For every reason and season, there’s a rock
Suzanne Evaloarjuk knows the best stone for severing a limb or healing a spirit
“I’ll tell you quickly about rocks, first, then I’ll tell you the way my grandmother would.”
Suzanne Evaloarjuk sits in the middle of her Iqaluit home jewelry studio, stones and silver ring-settings scattered all around her, and offers to share stories about her relationship with rocks.
Really, there is no way Evaloarjuk can talk “quickly” about rocks. She loves them too much.
But to tell someone about Inuit and their relationship with rocks, as she did during Northern Mining Week at the Nunavut Sunakkutaangit Museum, Evaloarjuk also has to go through a mind-boggling list of ways Inuit traditionally used hard clumps of stone from the ground.
Evaloarjuk points to rocks on the land, and can tell how each one were used by Inuit to build houses, protect food, and mark the way to a good fishing spot, with what’s become the Inuit’s universal totem.
“Those are the major uses of rocks,” she said. “Inuksuit would tell you where the lake is and people would know right away where the lake was, or which way home is.
“The scenery changes from winter to summer so much, you have to have them.”
But it doesn’t stop there. If Evaloarjuk holds out a handful of rocks to a stranger, she can also tell you how some are best for amputating a limb. Some are best for cooking. And some are best for helping a hurt spirit.
Since becoming a trained jewelry maker through Arctic college, Evaloarjuk has spent the past years polishing her old memories of walking the tundra with her mother near Apex as a child, hearing about how to survive on the land with little more than a jacket, kamiks, and gloves. All you need are rocks, she says, to light a fire, build a house, and throw like a bullet to catch a rabbit for supper.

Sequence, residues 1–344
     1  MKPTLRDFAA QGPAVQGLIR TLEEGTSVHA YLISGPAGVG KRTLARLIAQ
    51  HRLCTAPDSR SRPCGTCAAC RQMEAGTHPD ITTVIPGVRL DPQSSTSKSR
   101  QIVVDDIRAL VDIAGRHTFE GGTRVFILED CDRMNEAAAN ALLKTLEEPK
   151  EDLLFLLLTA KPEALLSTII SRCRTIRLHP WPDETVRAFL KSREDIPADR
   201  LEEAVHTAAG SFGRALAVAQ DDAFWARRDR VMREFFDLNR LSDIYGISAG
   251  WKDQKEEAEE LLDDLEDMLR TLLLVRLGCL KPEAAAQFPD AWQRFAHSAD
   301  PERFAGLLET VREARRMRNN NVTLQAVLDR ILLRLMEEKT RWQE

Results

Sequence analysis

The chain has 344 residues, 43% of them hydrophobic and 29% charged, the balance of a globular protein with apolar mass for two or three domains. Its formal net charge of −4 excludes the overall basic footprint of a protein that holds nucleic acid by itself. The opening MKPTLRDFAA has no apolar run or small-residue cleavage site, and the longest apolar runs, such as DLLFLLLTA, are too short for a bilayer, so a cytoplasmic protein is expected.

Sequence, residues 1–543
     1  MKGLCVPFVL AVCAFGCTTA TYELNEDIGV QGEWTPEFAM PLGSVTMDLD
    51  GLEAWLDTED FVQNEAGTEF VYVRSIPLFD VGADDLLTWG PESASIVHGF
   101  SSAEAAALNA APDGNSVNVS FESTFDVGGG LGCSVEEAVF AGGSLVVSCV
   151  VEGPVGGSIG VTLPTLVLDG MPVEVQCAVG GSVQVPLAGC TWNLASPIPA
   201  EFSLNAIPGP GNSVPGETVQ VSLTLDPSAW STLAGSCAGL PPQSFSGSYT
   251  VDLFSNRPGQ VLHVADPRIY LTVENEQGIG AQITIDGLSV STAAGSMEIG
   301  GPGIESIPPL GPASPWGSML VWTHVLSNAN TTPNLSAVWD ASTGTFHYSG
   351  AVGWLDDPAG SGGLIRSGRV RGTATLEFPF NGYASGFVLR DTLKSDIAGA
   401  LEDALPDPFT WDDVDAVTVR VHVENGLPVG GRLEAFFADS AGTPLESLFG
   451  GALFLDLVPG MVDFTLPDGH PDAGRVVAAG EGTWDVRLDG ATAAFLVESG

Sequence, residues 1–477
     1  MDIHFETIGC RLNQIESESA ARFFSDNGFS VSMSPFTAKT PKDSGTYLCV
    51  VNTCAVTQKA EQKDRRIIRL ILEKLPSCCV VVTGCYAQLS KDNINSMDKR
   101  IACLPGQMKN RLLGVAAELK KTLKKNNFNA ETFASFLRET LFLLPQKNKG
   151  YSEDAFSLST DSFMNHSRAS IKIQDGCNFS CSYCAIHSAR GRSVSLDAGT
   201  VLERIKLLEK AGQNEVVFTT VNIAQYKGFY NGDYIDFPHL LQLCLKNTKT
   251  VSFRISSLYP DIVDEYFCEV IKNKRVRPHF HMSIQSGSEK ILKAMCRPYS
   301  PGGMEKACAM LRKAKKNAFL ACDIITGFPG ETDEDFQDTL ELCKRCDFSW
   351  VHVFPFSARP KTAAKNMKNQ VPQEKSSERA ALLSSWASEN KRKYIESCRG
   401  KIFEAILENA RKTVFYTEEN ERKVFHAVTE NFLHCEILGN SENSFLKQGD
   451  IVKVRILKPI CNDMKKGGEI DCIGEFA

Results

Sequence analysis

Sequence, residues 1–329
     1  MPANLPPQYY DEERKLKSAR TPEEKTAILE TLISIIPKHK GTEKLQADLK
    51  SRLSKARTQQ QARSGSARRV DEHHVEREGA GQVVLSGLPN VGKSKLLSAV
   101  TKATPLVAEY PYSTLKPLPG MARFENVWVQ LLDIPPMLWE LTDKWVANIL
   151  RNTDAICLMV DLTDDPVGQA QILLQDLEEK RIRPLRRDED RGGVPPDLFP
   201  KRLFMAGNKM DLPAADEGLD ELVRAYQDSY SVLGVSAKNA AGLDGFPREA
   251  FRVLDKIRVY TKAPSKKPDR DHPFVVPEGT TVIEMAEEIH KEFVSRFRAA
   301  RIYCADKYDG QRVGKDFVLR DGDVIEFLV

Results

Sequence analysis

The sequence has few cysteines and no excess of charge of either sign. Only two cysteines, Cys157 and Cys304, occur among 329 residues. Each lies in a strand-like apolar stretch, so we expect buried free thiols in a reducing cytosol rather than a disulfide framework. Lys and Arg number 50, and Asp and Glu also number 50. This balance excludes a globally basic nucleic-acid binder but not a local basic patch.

She’s also been digging up the names for special rocks, the ones that are good for curing headaches, and the ones that would guard a precious flame for re-lighting the qulliq, after a traditional Inuit family left a camp to travel to their next home.
“In the old days, when they were travelling by dog-sled, they would make a pouch with qijuttaaq,” she said, holding a smoothed example of qijuttaaq, or coal stone. “They would take a pouch, lined with mica, put in wet moss – not too wet – just enough to keep the flame going.”
But while Evaloarjuk holds a firm grasp of the roles of rocks in her ancestors’ time, she doesn’t expect a lot of Inuit youth will know them in the coming generations.
To counter the knowledge lost, she makes an extra effort to teach her seven grandchildren, one of whom declared at the age of two that she wants to be a paleontologist.
“I don’t want them to grow up not knowing exactly who the Inuit were, where we came from, and how they survived,” she said. “If they know that, they can move on with pride. People need pride to be successful in sewing, carving, or meetings.
“First, they need to be proud of who they are.”